Last week I was invited to address an international audience on the power of Nation Branding. It was an interesting challenge given that Sri Lanka has had its share of economic success while also being up against the issues that the West has driven towards.
But the key point that needs to be understood is that if we are to attract top dollar tourists and investors like Donald Trump, who has decided to invest in Sri Lanka, we must ensure that the perception the world has about the country is positive. Some countries invest on concepts like Nation Branding but the reality is that a country cannot paint a positive story.
Nation branding experts like Simon Anholt comments that credible statements that are generated by a country in a consistent manner tend to help it earn a reputation that is rightly deserved. Which is an interesting perspective given the challenges we are up against globally.
Nation Branding possible?
If we analyse the best practices used by countries that have gotten out of a brutal war and built powerful nation branding - like key insight picked up over time - is that there is absolutely no evidence that strong marketing messages have helped developed powerful brands.
In fact there is nothing called Nation Branding. A better word to use in practice is called ‘nation brand’, which is simply an observation about the importance of national image in the modern world. If a country doesn’t like its image – and most countries don’t – then the only way to change, update, enhance or otherwise influence that image is through the things that country does, not by the things it says. Influencing a country’s reputation is primarily a matter of policy, strategy, innovation and investment over a very long period – it has nothing to do with logos, slogans, advertising or PR campaigns. So, one can always argue that getting strong PR companies to talk on behalf of Sri Lanka will have very little impact on the end results. What is more important is building a reputation through actions.
Let’s earn a reputation
It is been proved that countries with a powerful reputations and positive image can export more products, more culture, more people, more services and attract more tourists, more investors, more immigrants and the attention and respect of other governments.
Countries with weak or damaged images find it much harder and more expensive to achieve all of these goals.
In other words the need of the hour is driving Brand Sri Lanka with substance rather than promises. Share real life stories than marketing magic. As Simon Anholt says: “A reputation cannot be constructed, it can only be earned. The question should never be ‘What can we say to make Sri Lanka famous?’ but ‘What can we do to make Sri Lanka relevant?’ Relevance is the only issue that matters. A structure developed to systematically develop reputations on this ethos can be the nation brand hexagon. This consists of tourism, people, exports, culture, governance and investment.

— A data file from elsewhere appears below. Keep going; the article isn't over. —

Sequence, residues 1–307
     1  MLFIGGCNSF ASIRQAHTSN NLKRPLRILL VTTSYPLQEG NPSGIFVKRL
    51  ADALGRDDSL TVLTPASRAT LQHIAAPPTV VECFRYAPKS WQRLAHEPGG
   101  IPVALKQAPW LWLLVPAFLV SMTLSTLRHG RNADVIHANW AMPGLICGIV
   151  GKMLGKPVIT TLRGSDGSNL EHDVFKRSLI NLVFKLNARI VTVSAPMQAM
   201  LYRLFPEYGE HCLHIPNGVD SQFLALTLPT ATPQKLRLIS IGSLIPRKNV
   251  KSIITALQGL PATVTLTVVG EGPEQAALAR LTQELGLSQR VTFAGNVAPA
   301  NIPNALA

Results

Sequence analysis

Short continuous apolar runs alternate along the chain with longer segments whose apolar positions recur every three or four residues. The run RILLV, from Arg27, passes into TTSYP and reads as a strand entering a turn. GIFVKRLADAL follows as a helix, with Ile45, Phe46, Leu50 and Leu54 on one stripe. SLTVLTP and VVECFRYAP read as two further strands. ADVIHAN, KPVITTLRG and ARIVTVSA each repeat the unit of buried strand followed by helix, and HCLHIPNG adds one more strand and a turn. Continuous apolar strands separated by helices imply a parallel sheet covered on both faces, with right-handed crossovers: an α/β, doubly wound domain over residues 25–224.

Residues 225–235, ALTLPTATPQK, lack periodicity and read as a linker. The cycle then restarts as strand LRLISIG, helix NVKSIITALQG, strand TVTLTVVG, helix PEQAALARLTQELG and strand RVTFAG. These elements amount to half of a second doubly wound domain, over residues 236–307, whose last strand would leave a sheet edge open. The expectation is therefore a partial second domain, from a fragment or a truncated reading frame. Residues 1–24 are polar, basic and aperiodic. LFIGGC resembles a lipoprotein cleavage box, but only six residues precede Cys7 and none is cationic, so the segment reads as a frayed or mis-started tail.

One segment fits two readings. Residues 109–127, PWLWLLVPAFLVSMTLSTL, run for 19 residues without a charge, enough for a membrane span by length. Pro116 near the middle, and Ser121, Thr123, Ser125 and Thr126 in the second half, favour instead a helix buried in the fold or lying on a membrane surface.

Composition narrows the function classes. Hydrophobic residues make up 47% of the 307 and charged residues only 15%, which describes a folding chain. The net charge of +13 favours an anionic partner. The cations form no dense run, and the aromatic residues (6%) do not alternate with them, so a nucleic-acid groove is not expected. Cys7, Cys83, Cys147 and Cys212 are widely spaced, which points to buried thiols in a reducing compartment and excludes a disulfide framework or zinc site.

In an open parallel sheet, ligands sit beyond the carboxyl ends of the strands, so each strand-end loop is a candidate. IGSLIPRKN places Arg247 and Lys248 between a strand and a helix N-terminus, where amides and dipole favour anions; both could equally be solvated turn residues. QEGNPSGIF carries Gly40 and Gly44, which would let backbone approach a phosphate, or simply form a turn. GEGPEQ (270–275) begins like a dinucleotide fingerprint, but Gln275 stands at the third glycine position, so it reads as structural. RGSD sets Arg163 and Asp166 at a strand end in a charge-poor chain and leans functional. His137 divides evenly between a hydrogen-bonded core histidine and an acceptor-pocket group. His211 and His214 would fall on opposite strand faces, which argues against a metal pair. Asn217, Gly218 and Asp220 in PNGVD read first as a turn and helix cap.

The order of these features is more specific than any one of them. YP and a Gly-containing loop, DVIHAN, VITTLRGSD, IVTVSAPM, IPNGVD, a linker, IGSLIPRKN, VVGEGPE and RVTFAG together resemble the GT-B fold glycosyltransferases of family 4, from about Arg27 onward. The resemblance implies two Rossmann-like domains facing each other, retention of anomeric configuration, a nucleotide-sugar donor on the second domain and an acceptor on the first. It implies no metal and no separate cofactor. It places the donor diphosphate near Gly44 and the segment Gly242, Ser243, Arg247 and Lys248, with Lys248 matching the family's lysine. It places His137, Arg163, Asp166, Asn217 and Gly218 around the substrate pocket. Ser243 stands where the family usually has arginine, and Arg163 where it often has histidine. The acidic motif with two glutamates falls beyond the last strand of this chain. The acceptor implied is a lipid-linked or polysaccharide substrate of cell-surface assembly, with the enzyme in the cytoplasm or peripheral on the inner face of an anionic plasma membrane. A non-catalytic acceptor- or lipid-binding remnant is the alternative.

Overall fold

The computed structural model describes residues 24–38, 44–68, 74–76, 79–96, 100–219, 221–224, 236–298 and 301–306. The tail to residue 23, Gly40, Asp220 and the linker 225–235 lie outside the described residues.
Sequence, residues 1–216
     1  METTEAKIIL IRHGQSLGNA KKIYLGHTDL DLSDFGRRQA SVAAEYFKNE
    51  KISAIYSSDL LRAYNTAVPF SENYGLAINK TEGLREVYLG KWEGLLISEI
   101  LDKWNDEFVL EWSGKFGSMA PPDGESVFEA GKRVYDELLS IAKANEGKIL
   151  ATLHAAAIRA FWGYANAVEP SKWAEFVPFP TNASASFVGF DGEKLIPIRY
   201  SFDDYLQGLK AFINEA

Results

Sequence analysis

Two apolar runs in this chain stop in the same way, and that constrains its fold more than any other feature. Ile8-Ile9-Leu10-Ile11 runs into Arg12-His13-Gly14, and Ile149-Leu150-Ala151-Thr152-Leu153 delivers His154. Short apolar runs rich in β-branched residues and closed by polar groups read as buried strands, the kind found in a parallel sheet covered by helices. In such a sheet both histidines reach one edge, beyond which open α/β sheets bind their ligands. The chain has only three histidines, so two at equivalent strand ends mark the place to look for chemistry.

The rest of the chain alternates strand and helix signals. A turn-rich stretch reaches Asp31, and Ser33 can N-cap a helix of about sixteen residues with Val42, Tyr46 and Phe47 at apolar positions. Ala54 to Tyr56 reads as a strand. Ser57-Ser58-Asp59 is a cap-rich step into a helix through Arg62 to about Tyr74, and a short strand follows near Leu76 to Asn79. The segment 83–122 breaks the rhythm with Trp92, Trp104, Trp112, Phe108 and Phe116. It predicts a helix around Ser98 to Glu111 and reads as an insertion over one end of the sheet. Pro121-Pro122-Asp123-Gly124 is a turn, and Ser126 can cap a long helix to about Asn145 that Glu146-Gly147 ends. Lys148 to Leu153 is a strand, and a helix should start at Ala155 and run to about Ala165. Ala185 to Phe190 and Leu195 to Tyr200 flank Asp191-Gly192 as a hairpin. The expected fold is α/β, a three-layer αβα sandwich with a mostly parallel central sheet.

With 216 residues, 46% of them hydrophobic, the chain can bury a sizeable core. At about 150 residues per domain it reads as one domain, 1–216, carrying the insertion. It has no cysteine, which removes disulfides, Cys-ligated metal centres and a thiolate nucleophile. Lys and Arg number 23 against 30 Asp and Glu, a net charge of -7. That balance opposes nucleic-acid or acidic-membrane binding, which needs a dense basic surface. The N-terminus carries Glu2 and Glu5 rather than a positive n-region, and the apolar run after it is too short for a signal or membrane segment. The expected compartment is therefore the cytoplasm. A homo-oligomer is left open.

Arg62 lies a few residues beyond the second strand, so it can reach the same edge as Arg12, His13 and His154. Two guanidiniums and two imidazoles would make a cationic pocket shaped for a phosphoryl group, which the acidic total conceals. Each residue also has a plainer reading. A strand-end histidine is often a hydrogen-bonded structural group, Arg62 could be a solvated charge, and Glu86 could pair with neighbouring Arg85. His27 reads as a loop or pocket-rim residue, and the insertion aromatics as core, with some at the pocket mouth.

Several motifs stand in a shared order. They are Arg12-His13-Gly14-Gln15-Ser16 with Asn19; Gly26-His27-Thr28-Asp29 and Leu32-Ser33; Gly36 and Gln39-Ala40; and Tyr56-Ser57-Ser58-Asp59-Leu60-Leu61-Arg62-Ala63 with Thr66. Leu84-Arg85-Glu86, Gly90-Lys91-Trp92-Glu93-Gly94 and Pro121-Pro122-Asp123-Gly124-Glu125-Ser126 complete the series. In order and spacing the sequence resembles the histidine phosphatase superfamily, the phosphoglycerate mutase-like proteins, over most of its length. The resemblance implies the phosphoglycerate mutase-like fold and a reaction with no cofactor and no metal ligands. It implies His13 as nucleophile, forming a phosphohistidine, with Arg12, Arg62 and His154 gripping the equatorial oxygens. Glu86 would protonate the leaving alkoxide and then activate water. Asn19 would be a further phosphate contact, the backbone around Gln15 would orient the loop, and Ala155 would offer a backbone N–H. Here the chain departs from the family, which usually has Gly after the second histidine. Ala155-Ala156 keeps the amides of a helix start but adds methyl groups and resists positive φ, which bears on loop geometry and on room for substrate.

What Croatia did
Croatia’s country brand was hurt by its lasting associations with the brutal Yugoslav wars in the 1990s and the unwillingness of post-war governments to cooperate. Today, the brand is has an imagery as one of the most successful incoming destinations in the Mediterranean and is ranked ninth in terms of the rate of growth of its national brand as per Brand Finance and was one of only two European countries to make the ‘Most Improved’ list. Let me provide a brief overview of Croatia.
1) Exports: In late 1997, the Croatian Chamber of Economy started the Project to Visually Mark Croatian Products with Croatian Quality and Croatian Creation labels. The Croatian Quality label is given to 110 Croatian products whose properties meet high world standards.
With regard to multilateral co-operation, special attention is paid to the EU as the most important foreign trade partner because full membership of this European integration is the main strategic goal of Croatia. Therefore, branding is also seen as crucial to Croatia because it has realised that timelines for acceptance into the European Union and ability to compete against their neighbors for investment, in part depends on how they are perceived by more developed European countries.